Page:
Then, water entering a fissure system may channel laterally, causing underground erosion for a great distance from the point of entry. Heavy rain softens the surface material, allowing it to cave into the underlying fissure. Water running into the fissure erodes the sides and washes the material deep down into the fissure system, enlarging the original small crack into an impressive chasm.
Even before they are fully developed, earth fissures can cause significant damage to infrastructure such as roads, canals, railroads and pipelines. Buildings can suffer extensive cracking. Houses have been completely destroyed by fissures that opened up beneath them.
The presence of cracks in foundations and walls, however, does not necessarily indicate that subsidence or earth fissures are to blame. Expansive soil, hydrocompaction and normal settling of fill material can also produce cracks in structures.
Fissures also pose a serious threat to water quality because they may serve as open conduits to the water table. Contaminants that enter a fissure may travel almost unimpeded into regional aquifers that supply drinking water. Erosion-enhanced fissures have commonly been used as illegal dumping sites for household garbage, tires, construction debris and animal waste.
Reducing the risk
Additionally, Arizona laws have not been conducive to reducing the risk. Until recently, land owners, developers and real estate agents were not required to disclose the presence of earth fissures on property being sold. Also, land subdivided into five or fewer parcels was exempted from state requirements for the seller or developer to conduct background geotechnical assessments. With the recent increased awareness of the problem, however, Arizona has begun responding to the growing risk from earth fissure hazards.
Although the most effective mitigation for earth fissures and giant desiccation cracks is to avoid development where they are present, it is first necessary to determine their locations precisely. Unfortunately, many maps that show the locations of earth fissures are decades old.
Most of those maps were made before GPS was available, are not digital, and were completed at scales of 1:24,000 or smaller, which are not adequate for the detailed planning needed by developers and local building officials. A sizable number of known earth fissures have never been mapped at more than a regional scale. Some of the existing maps are best termed as reconnaissance-level. In addition, continued groundwater pumping has produced new fissures or extended existing ones in some areas since the last mapping was done.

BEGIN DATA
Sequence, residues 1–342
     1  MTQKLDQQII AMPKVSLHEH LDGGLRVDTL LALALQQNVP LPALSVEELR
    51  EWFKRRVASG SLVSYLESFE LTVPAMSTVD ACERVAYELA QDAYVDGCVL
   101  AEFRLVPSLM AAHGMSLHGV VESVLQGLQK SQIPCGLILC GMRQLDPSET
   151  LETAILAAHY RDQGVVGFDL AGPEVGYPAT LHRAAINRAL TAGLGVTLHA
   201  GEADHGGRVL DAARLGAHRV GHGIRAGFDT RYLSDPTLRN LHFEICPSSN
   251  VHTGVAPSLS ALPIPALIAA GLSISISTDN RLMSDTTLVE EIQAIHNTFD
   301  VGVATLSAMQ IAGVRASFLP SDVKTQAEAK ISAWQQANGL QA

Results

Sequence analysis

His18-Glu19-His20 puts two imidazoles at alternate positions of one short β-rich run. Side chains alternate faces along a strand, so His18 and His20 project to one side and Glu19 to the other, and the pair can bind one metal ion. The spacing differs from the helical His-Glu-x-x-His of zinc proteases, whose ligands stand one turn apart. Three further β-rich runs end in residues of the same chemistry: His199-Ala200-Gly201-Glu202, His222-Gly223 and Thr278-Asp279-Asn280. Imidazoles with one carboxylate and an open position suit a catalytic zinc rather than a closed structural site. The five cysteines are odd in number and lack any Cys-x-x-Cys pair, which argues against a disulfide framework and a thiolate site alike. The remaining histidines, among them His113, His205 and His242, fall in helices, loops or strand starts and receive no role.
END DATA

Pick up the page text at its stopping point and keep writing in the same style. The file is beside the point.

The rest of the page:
Legislation just passed in Arizona in June and signed by the governor into law July 1, however, will fund a new fissure mapping program at AZGS. This funding will enable the survey to map in detail all fissures in the state at scales that will allow the public to accurately judge whether their properties are at risk.
New mapping efforts will use high-precision GPS instruments to dramatically improve location accuracy over older, hand-drafted maps. Detailed mapping with GPS will provide effective monitoring: When an area is revisited, scientists can quickly assess how much a fissure has grown since the last visit.
In addition to providing funding for detailed field mapping, the expanded fissure mapping program will provide funding to enable public access to on-demand, digital maps via the Arizona State Land Departments Web site. This new Web service will allow users to superimpose fissure maps over other GIS layers of their choice so individual properties can be easily identified and assessed.
Additionally, another new state law passed last spring now requires the seller to disclose whether fissures are known to exist on or near a parcel of land. Even with that, however, AZGS continues to hear isolated reports of landowners bulldozing over fissures or dumping layers of rock and soil over them, just prior to developing or putting the land up for sale.
To aid in the communication of the hazard, AZGS is developing training sessions targeted to real estate professionals, homebuilders and local officials, to give each of them critical information to make informed decisions. The seminars include describing the nature, origin, occurrence and impacts of fissures, showing how to find and understand the fissure maps, and discussing what can be done to reduce risk.
AZGS also has resurrected the Center for Land Subsidence and Earth Fissure Information, which includes expanding its Web site (www.azgs.az.gov/CLASEFI.htm) to serve as an information portal about fissures, desiccation cracks, and related geologic hazards in Arizona. The survey is also working with the Arizona Association of Counties to develop a cooperative program modeled after those in other states, in which the survey will review hazards reports submitted to the counties by developers, as counties often have little or no expertise to evaluate such reports and no funds to contract for external reviews. The reports will be added to a public state-wide hazards inventory library to better and more easily assess geologic hazards and risks on nearby lands.
In some ways, Pam Devries and her neighbors were lucky. They filled in the fissures in their yards and are going on with their lives. Others may not be as fortunate, if fissures open up suddenly directly under homes, businesses or roads.
Harris is a research geologist with the Arizona Geological Survey (AZGS) in Tucson, with more than 12 years of work on earth fissures, and Allison is state geologist for Arizona and director of AZGS. E-mail: firstname.lastname@example.org or Lee.Allison@azgs.az.gov.